“In life, Haacaaluu Hundeessaa’s protest songs roused and united Ethiopians yearning for freedom and justice,” wrote the New York Times.
Anti-government protests have erupted around the world over the prime minister’s seeming helplessness to solve the murder of a hero in the face of what most Ethiopians view as inter-ethnic, anti-Oromo violence. Protesters even toppled the statue of the late Ethiopian leader Haile Selassie in London.
While cracking down internally, Ahmed is also butting heads with neighboring powers like Egypt as he presses on with a massive dam on the Blue Nile that will collect water and generate electricity for Ethiopians while giving him more political leverage downstream, Agence France-Presse reported. Egyptian leaders, however, worry that the dam might cause more droughts, the Telegraph noted.
Meanwhile, the country’s first democratic elections set to take place in August were postponed due to the pandemic. The delay has outraged opposition parties, who worry the government will make a power grab.
But analysts doubt that. And analyst Yohannes Gedamu, says that Abiy is on the right track in spite of it all.
“Abiy fumbled, he dropped the ball,” he told the Times of the leader’s recent actions. “(But) revolutionary positive changes actually take some time.”
WANT TO KNOW
The British government said it would ban Huawei from supplying any new equipment for the country’s fledgling 5G phone networks, a major shift in policy by Prime Minister Boris Johnson, the Financial Times reported.
The National Security Council said British mobile providers will be banned from purchasing 5G kits from the Chinese telecom giant after Dec. 31. It added that Huawei equipment must be removed from the 5G networks by 2027.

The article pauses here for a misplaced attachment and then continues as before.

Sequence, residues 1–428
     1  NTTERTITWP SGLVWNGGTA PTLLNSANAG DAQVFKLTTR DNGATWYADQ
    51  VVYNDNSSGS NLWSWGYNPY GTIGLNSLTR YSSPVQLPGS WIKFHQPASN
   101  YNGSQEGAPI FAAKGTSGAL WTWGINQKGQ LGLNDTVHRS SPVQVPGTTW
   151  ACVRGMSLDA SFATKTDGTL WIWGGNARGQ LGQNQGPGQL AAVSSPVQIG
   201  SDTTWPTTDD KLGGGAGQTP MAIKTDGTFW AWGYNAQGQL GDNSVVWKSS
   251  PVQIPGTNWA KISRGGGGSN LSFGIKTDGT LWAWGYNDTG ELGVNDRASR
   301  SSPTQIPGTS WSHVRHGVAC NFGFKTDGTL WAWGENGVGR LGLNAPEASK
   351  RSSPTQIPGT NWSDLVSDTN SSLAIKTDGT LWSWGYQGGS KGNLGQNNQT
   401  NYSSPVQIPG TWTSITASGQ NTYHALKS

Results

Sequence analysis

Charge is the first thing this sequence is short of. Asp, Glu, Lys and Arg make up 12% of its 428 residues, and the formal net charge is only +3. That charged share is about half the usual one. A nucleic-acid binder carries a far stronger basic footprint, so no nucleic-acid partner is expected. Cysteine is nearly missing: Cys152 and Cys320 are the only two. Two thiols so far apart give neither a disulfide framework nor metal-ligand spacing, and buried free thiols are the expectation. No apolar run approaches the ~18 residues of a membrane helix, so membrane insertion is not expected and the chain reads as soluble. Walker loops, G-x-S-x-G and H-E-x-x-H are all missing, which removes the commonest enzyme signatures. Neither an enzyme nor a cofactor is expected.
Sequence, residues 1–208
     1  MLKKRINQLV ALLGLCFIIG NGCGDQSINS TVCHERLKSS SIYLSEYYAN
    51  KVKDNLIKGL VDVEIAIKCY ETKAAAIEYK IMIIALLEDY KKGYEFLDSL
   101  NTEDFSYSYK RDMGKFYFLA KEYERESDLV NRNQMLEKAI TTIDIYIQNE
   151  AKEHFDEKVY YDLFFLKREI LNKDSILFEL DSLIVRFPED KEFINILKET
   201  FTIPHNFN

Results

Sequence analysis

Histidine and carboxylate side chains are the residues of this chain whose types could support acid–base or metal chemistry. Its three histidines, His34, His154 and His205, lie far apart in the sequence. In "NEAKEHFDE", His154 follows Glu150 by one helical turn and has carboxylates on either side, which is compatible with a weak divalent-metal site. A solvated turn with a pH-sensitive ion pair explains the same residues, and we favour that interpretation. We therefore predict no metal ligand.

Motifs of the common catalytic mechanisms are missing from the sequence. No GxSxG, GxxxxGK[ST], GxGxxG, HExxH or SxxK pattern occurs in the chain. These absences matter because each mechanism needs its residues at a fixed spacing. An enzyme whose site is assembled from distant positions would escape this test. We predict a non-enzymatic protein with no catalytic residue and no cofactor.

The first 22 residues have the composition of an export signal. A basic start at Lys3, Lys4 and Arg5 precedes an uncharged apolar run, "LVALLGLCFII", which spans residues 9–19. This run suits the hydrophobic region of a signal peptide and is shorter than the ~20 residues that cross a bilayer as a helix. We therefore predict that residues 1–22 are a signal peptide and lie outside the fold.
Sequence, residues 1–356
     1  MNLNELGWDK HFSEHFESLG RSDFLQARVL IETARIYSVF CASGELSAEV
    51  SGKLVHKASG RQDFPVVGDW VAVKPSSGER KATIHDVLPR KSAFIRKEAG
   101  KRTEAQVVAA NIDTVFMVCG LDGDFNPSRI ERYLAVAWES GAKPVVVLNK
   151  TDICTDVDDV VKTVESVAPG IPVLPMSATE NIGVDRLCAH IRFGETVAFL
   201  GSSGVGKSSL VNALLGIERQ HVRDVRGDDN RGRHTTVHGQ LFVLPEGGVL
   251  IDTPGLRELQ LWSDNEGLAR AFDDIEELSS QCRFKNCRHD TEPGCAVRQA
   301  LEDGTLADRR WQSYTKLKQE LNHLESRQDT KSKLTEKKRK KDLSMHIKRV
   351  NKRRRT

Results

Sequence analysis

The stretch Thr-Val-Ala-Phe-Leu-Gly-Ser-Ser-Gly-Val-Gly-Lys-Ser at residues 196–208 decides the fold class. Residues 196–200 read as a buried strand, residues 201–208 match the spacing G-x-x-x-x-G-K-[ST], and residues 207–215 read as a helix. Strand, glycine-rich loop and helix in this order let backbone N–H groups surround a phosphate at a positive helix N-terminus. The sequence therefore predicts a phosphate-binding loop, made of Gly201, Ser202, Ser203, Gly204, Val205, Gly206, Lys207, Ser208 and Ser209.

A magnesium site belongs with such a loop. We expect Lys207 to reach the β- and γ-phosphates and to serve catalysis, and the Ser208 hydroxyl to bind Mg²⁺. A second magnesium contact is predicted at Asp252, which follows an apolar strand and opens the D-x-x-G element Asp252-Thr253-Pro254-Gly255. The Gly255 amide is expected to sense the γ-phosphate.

Last month, the United States imposed new sanctions on Huawei. British officials said the new sanctions mean that the company’s equipment can no longer be trusted for use in Britain’s new telecom infrastructure.
The decision is a major shift for the British government, which earlier this year had allowed the Chinese company to take up to a 35 percent share of the 5G market.
The decision marks a strategic victory for US President Donald Trump, who has been warning allies to refrain from using Huawei’s equipment over spying concerns.
Johnson’s move is also expected to generate retaliatory action from China: Chinese investment is present in many aspects of the British economy, including the nuclear power sector.
Armenian and Azerbaijani troops remained on high alert Tuesday following a two-day border skirmish that led to casualties as peace talks remain stalled, Radio Free Europe/ Radio Liberty reported.
Azerbaijan said that 11 members of its security forces have been killed since the clashes erupted Sunday. Armenia said that three of its soldiers and two police officers have been wounded.
The South Caucasus neighbors have been locked for years in a conflict over the disputed region of Nagorno-Karabakh.